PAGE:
“The respect (for Marshwood) was up there,” Doucette said. “We respected the hell out of them, and the people they put out of their program. I remember my junior year (in 2015), they graduated three guys, Jackson Howarth, Cody Hughes and Brett Gerry. Those guys were just monsters, and they carried that team for Marshwood. They were very intimidating, we were freshmen and sophomores. Julian and I were lucky enough to make the team our freshman year, so we’re out there for the state tournament. We did alright (up north), and then we got down to the state tournament and were just getting wiped across the mat by these people. It was very eye opening. But we knew if we worked hard enough, these were people we could come back and somehow compete with. That was a motivating factor across our whole four years, not just our final year.”

The day of the Class A meet was long and nerve-wracking for Skowhegan, taking to the championship round to have any idea who would walk away with the state crown.

“The one thing that really stands out to me — and I tell everybody this with the state tournament — we were all warming up out back, getting in each other’s heads, getting each other going,” Doucette said. “I just remember walking out to the gym to start the meet, looking up to where our families were sitting. Piles and piles of people from Skowhegan, that we all knew, had piled into the stands, and we had taken a huge portion of the bleachers, more than I had ever seen. I think they all had faith in us that this was our year.”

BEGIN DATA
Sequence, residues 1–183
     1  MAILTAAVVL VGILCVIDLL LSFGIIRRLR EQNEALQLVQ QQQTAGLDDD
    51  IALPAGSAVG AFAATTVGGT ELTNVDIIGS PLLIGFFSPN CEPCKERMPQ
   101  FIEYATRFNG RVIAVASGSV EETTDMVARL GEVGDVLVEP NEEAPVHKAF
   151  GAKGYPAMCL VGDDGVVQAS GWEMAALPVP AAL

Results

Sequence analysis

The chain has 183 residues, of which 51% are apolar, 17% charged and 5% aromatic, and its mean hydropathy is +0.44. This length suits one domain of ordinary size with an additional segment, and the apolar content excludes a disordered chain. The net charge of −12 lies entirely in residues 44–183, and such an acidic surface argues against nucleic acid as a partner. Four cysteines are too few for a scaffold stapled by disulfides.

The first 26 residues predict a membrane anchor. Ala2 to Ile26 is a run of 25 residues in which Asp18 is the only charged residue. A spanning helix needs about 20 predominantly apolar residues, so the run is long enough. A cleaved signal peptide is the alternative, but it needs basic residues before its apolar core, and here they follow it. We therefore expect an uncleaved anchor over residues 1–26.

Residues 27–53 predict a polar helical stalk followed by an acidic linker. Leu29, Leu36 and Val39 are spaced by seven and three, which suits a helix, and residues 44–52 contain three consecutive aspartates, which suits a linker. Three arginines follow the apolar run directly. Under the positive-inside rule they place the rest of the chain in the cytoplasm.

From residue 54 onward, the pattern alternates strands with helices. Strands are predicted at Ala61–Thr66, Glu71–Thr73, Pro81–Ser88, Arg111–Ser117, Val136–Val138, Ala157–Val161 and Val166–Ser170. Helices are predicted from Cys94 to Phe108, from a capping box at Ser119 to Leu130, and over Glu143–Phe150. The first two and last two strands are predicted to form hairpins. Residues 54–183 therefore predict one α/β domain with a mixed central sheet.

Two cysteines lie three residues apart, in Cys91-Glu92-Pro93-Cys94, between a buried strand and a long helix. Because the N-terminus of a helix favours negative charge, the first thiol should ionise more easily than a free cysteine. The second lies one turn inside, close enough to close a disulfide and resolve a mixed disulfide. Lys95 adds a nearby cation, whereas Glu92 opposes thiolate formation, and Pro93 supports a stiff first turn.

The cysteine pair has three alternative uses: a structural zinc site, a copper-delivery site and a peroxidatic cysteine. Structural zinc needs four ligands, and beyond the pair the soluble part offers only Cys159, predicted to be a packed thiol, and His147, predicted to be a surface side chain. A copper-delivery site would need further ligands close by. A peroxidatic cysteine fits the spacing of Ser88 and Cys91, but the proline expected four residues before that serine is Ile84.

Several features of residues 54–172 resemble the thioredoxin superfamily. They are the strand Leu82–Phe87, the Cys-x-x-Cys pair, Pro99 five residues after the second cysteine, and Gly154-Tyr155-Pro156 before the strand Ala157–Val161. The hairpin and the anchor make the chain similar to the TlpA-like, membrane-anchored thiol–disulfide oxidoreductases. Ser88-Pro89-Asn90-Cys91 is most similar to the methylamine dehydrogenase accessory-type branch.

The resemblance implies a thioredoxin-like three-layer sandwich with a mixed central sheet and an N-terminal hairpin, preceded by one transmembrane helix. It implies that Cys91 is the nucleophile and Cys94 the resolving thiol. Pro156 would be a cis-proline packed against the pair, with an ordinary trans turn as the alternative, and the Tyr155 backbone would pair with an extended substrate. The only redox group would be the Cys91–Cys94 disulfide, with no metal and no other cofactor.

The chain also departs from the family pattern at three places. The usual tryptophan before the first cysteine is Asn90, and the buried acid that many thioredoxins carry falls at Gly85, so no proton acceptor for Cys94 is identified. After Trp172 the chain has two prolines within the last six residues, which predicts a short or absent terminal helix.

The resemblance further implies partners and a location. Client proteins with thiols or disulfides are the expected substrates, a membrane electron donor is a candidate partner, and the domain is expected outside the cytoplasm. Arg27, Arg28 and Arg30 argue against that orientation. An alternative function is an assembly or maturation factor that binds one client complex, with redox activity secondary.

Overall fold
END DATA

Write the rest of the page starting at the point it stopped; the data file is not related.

Three Skowhegan wrestlers captured individual titles. Craig beat Massabesic’s Leo Amabile 7-0 for the 106-pound title, Sirois beat Morse’s Hunter Reed for the 152 championship, and Doucette topped York/Traip’s Joshua Smith 11-4 for the 160 crown.

“If one person (on the team) had placed less than they did, we wouldn’t have won it,” Sirois said. “We wouldn’t have gotten the points to win it. It was very close. By the finals, we were neck-and-neck with Marshwood. There was a lot of pressure going into those matches.”

The team finished with 144 points, 21 more points than second-place Marshwood. Finally, Skowhegan had accomplished its mission.


“I knew that everything that we had been doing, basically since I was a child, had come to fruition,” Craig said. “We had been doing this stuff forever, I had been wrestling during offseasons, wrestling non-stop. And it wasn’t just me. It was Kameron and Julian, both of them wrestled all offseason as well. We knew it would all come to fruition. All that time that we put in, when we didn’t necessarily have to, had finally kind of peaked. We finally hit that point where (we could succeed).”


Dave Dyer — 621-5640

Twitter: @Dave_Dyer